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How does photochromic fluid work

by mrcotton
Tags: fluid, photochromic, work
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mrcotton
#1
Mar25-14, 06:11 PM
P: 118
Hi all,
I purchased this photochromic fluid

https://www.youtube.com/watch?v=eay4N-etB3A

https://www.youtube.com/watch?v=0UX1z89LQUU

I have been trying to get to the bottom of how it works.

From wikipedia
http://en.wikipedia.org/wiki/Photochromism

For example, the spiro form of an oxazine is a colorless leuco dye; the conjugated system of the oxazine and another aromatic part of the molecule is separated by a spł-hybridized "spiro" carbon. After irradiation with UV light, the bond between the spiro-carbon and the oxazine breaks, the ring opens, the spiro carbon achieves sp˛ hybridization and becomes planar, the aromatic group rotates, aligns its π-orbitals with the rest of the molecule, and a conjugated system forms with ability to absorb photons of visible light, and therefore appear colorful. When the UV source is removed, the molecules gradually relax to their ground state, the carbon-oxygen bond reforms, the spiro-carbon becomes spł hybridized again, and the molecule returns to its colorless state.


So the when bond breaks and the ring opened does the red example above say then absorb all the frequencies except the photons of the red part of the spectrum we are seeing?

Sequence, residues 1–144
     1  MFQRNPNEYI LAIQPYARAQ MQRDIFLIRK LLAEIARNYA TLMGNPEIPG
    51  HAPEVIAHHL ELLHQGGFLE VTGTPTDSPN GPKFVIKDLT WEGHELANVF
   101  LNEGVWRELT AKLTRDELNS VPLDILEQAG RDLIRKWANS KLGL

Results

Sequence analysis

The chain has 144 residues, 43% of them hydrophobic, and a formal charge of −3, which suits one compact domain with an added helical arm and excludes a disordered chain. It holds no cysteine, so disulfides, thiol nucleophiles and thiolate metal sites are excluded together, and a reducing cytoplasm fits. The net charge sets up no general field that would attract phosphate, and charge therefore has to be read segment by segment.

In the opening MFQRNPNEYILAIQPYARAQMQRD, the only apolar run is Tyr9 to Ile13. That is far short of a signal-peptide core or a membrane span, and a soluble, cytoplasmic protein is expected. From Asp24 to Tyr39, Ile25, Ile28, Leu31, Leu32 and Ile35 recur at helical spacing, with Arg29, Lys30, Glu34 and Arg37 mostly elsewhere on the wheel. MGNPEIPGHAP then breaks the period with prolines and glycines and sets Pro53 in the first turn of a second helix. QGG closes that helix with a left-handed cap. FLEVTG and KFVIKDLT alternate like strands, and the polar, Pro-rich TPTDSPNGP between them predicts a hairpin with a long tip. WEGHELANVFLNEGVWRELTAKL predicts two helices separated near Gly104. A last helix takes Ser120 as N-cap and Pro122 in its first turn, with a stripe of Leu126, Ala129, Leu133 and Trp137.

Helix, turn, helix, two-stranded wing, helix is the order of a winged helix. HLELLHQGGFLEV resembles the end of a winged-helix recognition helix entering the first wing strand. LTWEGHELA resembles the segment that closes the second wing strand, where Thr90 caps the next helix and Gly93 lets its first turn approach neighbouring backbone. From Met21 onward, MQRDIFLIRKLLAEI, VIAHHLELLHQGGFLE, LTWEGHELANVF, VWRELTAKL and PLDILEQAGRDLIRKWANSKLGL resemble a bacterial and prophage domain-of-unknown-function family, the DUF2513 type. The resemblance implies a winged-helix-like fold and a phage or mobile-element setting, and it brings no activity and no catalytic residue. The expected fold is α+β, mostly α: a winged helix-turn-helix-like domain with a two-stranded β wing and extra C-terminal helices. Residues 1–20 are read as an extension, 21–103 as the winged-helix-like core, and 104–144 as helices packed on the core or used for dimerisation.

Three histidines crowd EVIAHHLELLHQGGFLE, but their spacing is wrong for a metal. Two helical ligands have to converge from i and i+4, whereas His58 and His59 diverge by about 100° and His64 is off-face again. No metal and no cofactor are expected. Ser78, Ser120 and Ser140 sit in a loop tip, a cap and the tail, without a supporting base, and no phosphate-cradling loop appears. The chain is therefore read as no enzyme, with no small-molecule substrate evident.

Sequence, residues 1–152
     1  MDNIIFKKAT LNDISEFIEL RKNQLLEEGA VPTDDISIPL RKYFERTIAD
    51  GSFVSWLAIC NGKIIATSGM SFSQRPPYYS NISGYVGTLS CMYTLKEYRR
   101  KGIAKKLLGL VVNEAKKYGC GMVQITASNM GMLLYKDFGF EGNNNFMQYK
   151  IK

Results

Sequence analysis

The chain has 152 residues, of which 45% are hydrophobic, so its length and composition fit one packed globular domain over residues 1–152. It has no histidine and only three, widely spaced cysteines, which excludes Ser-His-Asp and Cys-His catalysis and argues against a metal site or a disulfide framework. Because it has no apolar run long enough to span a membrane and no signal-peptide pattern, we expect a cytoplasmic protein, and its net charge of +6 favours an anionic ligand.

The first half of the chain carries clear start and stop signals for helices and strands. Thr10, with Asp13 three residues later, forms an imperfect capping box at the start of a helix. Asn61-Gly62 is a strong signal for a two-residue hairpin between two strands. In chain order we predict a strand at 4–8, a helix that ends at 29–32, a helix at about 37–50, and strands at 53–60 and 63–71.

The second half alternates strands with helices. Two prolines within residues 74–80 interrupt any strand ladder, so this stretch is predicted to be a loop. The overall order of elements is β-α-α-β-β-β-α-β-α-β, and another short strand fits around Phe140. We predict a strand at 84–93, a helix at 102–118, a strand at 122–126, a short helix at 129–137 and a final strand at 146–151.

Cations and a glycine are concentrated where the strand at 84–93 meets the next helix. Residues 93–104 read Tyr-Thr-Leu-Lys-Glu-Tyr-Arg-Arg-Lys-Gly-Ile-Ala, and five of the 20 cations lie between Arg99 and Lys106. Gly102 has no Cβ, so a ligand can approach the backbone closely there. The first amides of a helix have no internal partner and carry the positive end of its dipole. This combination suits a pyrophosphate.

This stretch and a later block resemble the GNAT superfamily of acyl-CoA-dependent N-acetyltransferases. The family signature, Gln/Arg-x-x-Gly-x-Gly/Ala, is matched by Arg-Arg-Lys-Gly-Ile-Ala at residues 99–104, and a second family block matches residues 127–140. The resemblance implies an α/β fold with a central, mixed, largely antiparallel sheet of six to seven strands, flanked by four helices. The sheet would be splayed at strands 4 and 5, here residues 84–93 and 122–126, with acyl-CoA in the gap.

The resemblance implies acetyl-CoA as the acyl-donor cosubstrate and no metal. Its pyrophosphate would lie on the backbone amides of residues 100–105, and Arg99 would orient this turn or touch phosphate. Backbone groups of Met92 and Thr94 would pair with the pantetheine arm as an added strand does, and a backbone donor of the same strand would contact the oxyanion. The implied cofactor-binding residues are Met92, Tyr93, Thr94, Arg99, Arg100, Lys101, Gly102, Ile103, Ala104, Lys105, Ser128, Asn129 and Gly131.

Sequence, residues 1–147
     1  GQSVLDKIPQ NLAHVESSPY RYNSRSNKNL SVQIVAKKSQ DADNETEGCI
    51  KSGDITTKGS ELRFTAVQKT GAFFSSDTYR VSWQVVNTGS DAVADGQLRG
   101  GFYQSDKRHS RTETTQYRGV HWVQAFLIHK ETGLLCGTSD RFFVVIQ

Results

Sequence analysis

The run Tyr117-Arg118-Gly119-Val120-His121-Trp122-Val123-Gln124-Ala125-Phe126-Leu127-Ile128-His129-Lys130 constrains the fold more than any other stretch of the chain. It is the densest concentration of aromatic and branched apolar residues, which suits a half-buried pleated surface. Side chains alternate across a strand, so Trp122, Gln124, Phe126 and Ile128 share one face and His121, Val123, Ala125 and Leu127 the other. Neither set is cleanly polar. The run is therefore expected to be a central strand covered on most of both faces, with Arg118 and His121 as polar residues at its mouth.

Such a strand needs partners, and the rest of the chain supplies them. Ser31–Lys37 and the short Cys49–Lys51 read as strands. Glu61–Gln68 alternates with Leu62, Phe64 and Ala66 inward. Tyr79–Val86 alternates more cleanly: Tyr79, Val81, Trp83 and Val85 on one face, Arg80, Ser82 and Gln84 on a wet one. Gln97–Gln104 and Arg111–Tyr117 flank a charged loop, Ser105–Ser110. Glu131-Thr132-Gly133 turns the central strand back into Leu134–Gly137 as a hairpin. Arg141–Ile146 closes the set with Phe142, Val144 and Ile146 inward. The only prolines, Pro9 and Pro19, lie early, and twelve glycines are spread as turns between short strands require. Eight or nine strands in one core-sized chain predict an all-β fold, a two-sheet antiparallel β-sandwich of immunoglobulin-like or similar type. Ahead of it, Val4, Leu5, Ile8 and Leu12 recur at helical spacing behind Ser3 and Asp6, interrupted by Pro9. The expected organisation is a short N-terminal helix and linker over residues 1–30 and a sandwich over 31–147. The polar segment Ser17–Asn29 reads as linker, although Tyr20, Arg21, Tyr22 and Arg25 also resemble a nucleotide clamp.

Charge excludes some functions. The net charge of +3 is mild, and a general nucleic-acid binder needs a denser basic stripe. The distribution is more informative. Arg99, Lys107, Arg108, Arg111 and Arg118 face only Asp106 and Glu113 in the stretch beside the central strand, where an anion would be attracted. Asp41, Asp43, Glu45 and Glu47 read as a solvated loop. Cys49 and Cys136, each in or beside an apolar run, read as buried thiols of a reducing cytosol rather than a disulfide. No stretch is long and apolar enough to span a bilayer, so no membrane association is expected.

Any help gratefully received.
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Yanick
#2
Mar25-14, 08:11 PM
P: 380
See this thread and references within. Link
mrcotton
#3
Mar26-14, 03:16 PM
P: 118
Hi Yanick, thanks for the link. I have read it and am assuming that the dye that has changed colour in my video is red for the same reasons a leaf is green. So the dye in my video to look red must it not be preferntially scattering photons of red wavelength into my eye and absorbing the photons with wavelengths in the visible part of the spectrum?

I have been removing the filters from web cams recently and an English 5 pound note has an interesting effect. Half the queens head is in a pigment that absorbs IR and the other half an ink that reflects it.
In this video I am switching between visible an IR with LEDs

https://www.youtube.com/watch?v=XdrIY7xJ3Tc


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